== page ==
Swinson and Soubry set expectations ahead of Corbyn's meeting with Opposition MPs to discuss tactics to stop a no deal Brexit

Opposition MPs are setting out their red lines ahead of a strategy meeting with Jeremy Corbyn on how to stop a no deal Brexit.

Corbyn initiated the meeting, which will take place tomorrow, to “discuss all tactics available to prevent no deal.” SNP, Liberal Democrat, Plaid Cyrmu, Conservative and independent MPs opposed to no deal are invited.

Corbyn has already set out his plan to stop a no deal Brexit on 31st October. He has said he will trigger a vote a no confidence in Boris Johnson’s government and seek to form a “time-limited caretaker administration” if successful. The temporary government would request an extension of the Brexit deadline and call an general election afterwards.

Liberal Democrat leader Jo Swinson has poured cold water on Corbyn’s suggestion that he should lead a temporary government. Swinson is not opposed to the idea in principle as a way of stopping no deal. However, she says Corbyn’s insistence that he should become caretaker prime minister could jeopardise the plan.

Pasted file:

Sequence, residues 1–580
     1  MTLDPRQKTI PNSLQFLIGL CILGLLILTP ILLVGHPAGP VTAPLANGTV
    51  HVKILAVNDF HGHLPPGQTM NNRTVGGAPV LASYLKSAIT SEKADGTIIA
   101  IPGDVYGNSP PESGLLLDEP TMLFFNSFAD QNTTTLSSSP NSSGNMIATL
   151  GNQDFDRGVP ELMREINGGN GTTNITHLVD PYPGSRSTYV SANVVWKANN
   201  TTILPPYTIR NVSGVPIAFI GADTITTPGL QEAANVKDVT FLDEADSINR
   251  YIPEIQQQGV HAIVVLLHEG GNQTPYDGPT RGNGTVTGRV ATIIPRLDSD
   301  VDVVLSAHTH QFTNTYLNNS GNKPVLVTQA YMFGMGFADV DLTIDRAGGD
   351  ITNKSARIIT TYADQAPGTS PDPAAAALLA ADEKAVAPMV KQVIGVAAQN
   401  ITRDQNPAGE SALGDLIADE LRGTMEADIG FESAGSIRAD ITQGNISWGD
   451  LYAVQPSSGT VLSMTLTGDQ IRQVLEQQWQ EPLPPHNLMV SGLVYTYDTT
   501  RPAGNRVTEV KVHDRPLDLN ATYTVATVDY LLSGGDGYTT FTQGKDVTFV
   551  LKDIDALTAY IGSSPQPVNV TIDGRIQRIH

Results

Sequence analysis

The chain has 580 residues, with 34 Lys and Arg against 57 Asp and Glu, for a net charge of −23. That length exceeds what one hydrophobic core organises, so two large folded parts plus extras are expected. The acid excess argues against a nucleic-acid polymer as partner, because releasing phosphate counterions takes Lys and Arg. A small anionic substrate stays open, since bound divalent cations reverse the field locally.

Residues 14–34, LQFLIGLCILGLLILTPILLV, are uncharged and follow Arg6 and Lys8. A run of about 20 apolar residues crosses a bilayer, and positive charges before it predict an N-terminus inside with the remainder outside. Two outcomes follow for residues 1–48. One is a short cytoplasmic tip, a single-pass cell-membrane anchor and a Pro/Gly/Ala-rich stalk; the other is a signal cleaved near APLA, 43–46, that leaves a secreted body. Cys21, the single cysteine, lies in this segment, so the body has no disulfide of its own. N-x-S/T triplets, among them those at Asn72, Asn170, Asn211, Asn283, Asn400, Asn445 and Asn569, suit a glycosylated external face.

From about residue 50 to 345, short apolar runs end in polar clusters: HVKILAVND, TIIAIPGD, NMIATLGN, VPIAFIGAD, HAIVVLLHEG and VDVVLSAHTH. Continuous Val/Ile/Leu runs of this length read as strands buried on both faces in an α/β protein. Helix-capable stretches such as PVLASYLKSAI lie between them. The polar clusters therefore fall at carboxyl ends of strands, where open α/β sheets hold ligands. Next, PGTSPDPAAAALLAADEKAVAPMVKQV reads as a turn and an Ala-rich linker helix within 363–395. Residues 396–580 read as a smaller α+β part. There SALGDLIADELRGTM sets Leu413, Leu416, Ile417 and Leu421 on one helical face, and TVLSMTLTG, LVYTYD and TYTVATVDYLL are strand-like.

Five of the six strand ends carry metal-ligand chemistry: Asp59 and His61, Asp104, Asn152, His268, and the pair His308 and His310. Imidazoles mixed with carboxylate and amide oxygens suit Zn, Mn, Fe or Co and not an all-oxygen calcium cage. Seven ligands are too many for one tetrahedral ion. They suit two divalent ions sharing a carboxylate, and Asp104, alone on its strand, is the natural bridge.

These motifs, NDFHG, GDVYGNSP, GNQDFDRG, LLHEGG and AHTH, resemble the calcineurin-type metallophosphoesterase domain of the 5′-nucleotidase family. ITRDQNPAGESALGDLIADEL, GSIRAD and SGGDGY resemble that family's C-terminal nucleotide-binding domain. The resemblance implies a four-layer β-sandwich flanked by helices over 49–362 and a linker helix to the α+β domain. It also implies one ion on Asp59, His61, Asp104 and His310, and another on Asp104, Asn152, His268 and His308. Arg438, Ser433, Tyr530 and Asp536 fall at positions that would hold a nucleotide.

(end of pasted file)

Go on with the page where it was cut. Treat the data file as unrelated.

Anna Soubry, leader of The Independent Group for Change, has set out a five-point plan ahead of the meeting with Corbyn. Soubry’s plan would involve:

  • Cancel Parliament's party conference recess
  • Disclose the government's no deal documents
  • Pass legislation to request an extension of Article 50
  • Renegotiate and hold referendum during extension
  • Establish a clear timetable for the renegotiation and referendum

Conservative rebels opposed to no deal have indicated they could hold off supporting any plan involving a no confidence motion until closer to 31st October. They want to be seen to be giving the prime minister a decent chance of securing a new deal with the EU.

At the G7 on Sunday however, the prime minister said the chances of agreeing a new deal before 31st October are now “touch and go”.

Government 'planning general election'

The government is weighing up the options available to fulfil its commitment to deliver Brexit on 31st October with or without a deal. Reports have suggested the government could even push for a general election in mid-October, before the Brexit deadline.

Government strategists believe the public would give Boris Johnson a mandate for his “do or die” approach.